Overall, Census Department data reveals that government employees earn about 1% more than private sector employees. With all retirement benefits included, the 21.4 million government employees make up 16.7% of U.S. employees and receive 20% of the total compensation.
It’s not union members..
After years of declining numbers, union employees make up about 12% of the workforce, but their total pay (14.8 million union employees with a $47,000 median salary) amounts to less than 12 percent of wages, as reported by the Census Department.
Unions are sometimes accused of excess, when in fact they keep employees from falling into substandard wage conditions. According to the State of Working America, the union wage premium exists, but it’s a modest 13.6%.
Unions also provide a degree of stability for a shrinking middle class. Retirement funding, however, is actually much less than perceived by union critics. The Pew Center notes that the latest available annual pension contribution by the 50 states amounted to just under $60 billion, which is about 1% of wages as reported by the Census Department.
Finally, unions promote equal opportunity. A recent study at Harvard and the University of Washington concluded that “the decline of organized labor explains a fifth to a third of the growth in inequality.”
It’s not, for the most part, even the private sector.
The average private sector worker makes about the same salary as a state or local government worker. But the MEDIAN salary for U.S. workers, 83% of whom are in the private sector, is almost $14,000 less, at $26,363.
This striking difference reveals the degree of inequality in private industry, and leads us to the conclusion:
CEOs and Financial Managers take much more than their share.
Corporate executives and financial employees make up just one-half of 1% of the workforce, but with nearly a trillion dollars of annual income (11.3% of $8.12 trillion), they make more than ALL 15 million unionized workers in the United States, and almost as much as ALL 21 million government workers. Much of their income derives from minimally-taxed capital gains. Meanwhile, the great majority of their private company employees toil as food servers, clerks, medical workers, and domestic help at below-average pay.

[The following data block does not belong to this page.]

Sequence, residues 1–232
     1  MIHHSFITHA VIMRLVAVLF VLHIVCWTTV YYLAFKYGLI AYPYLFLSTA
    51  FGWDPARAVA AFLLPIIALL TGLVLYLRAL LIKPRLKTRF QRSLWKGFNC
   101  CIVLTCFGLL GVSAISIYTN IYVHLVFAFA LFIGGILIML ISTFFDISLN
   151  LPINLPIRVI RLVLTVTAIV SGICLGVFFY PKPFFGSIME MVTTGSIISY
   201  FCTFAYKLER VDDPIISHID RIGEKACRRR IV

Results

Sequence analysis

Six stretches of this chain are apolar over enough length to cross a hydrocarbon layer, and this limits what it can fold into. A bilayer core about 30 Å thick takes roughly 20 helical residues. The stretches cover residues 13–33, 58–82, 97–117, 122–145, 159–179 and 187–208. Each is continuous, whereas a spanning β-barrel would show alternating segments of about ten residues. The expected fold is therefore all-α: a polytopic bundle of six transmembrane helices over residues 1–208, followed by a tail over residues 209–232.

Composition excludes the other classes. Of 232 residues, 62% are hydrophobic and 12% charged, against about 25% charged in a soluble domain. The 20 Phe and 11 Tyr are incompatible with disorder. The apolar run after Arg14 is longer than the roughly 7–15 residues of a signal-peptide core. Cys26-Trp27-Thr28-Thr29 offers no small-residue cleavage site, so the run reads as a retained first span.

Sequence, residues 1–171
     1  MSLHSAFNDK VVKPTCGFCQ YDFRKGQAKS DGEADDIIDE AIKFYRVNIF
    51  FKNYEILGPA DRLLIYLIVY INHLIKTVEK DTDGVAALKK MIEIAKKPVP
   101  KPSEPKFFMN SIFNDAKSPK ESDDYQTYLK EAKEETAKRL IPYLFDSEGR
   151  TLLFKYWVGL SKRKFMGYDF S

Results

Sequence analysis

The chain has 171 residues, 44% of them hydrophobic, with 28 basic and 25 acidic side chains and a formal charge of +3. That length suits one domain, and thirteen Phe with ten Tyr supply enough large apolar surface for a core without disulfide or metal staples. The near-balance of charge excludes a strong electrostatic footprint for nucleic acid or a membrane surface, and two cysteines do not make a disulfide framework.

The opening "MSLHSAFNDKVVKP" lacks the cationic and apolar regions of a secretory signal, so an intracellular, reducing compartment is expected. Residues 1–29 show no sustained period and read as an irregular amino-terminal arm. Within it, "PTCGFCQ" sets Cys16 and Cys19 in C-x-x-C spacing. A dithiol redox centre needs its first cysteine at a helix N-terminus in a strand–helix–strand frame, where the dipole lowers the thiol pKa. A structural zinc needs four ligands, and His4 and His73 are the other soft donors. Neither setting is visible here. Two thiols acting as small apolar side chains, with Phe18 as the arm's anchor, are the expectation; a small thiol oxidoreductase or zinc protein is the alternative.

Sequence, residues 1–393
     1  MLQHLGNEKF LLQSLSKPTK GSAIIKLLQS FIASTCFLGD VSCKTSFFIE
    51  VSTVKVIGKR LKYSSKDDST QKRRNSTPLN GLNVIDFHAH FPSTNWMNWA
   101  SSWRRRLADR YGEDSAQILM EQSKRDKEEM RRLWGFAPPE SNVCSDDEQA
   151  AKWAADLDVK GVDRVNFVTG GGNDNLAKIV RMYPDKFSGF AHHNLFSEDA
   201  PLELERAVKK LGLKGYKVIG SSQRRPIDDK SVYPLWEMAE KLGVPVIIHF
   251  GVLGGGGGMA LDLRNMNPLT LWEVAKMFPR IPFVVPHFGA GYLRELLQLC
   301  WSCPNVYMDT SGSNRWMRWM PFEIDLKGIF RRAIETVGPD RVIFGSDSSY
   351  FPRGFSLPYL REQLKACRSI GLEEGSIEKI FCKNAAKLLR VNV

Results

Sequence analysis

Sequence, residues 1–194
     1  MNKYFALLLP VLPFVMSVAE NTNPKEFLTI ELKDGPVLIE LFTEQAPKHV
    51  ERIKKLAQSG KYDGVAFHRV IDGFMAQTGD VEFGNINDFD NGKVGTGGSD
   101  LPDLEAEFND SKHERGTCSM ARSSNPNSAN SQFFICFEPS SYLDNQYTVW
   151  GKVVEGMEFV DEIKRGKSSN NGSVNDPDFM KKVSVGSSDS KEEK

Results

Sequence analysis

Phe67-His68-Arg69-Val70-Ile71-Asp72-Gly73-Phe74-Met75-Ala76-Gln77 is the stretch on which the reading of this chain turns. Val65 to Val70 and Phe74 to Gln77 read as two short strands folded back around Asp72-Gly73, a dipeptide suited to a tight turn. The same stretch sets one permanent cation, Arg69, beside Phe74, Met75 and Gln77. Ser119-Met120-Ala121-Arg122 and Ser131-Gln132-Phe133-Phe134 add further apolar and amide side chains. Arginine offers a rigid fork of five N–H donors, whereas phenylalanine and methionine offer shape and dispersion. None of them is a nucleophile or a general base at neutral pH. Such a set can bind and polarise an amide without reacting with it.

While unions and government jobs promote stability and security, private industry, which is driven by the profit motive, leads to a “winner-take-all” philosophy that is steadily splitting our country in two.
Have they earned it?
Again, consider the facts:
They’ve destroyed jobs. According to Newsweek, “the CEOs of the 50 firms that laid off the most workers since the onset of the economic crisis took home 42 percent more pay in 2009 than their peers did — largely because cutting workers boosts short-term profits.”
They’ve made the country less productive. As noted by Frontline’s Money, Power, and Wall Street, the financial industry is almost double the size of the manufacturing sector.
They’ve taken massive bonuses for their failures. Again from Frontline’s Money, Power, and Wall Street: Since the crash of 2008, banks have paid out more than $80 billion in bonuses.
As an analyst pointed out on the Frontline documentary, the rise of financial derivatives led banks to start trading for their own gain, and not for their customers. So yes, they’ve earned something. Our lasting contempt.
Paul Buchheit is a college teacher, an active member of US Uncut Chicago, founder and developer of social justice and educational websites (UsAgainstGreed.org, PayUpNow.org, RappingHistory.org), and the editor and main author of “American Wars: Illusions and Realities” (Clarity Press). He can be reached at paul@UsAgainstGreed.org.